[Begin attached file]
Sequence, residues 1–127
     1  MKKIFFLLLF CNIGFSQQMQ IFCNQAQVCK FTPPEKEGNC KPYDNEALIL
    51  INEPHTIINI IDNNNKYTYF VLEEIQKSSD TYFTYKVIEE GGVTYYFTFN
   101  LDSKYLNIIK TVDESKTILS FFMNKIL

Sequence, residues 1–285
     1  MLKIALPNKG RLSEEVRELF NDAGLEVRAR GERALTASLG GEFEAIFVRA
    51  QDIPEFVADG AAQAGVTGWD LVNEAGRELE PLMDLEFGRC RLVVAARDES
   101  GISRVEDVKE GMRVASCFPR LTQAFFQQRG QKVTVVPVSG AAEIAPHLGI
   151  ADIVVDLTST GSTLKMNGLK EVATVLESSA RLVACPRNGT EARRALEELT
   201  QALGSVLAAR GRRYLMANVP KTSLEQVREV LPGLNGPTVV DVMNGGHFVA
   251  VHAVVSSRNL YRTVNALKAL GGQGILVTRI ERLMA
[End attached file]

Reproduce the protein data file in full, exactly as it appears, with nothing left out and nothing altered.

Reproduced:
Sequence, residues 1–127
     1  MKKIFFLLLF CNIGFSQQMQ IFCNQAQVCK FTPPEKEGNC KPYDNEALIL
    51  INEPHTIINI IDNNNKYTYF VLEEIQKSSD TYFTYKVIEE GGVTYYFTFN
   101  LDSKYLNIIK TVDESKTILS FFMNKIL

Sequence, residues 1–285
     1  MLKIALPNKG RLSEEVRELF NDAGLEVRAR GERALTASLG GEFEAIFVRA
    51  QDIPEFVADG AAQAGVTGWD LVNEAGRELE PLMDLEFGRC RLVVAARDES
   101  GISRVEDVKE GMRVASCFPR LTQAFFQQRG QKVTVVPVSG AAEIAPHLGI
   151  ADIVVDLTST GSTLKMNGLK EVATVLESSA RLVACPRNGT EARRALEELT
   201  QALGSVLAAR GRRYLMANVP KTSLEQVREV LPGLNGPTVV DVMNGGHFVA
   251  VHAVVSSRNL YRTVNALKAL GGQGILVTRI ERLMA